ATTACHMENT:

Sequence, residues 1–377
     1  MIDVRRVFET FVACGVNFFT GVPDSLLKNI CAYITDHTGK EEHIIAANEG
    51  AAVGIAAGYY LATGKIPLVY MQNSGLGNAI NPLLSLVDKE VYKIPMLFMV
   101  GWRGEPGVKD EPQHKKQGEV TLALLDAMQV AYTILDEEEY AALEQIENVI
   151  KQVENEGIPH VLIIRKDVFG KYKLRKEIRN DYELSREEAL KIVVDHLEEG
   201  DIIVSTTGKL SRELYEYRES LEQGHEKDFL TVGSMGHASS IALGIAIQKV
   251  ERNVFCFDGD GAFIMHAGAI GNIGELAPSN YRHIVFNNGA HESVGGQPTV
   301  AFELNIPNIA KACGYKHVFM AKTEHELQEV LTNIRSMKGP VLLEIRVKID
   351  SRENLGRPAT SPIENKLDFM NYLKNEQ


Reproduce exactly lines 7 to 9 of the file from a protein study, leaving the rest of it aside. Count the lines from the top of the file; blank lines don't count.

   251  ERNVFCFDGD GAFIMHAGAI GNIGELAPSN YRHIVFNNGA HESVGGQPTV
   301  AFELNIPNIA KACGYKHVFM AKTEHELQEV LTNIRSMKGP VLLEIRVKID
   351  SRENLGRPAT SPIENKLDFM NYLKNEQ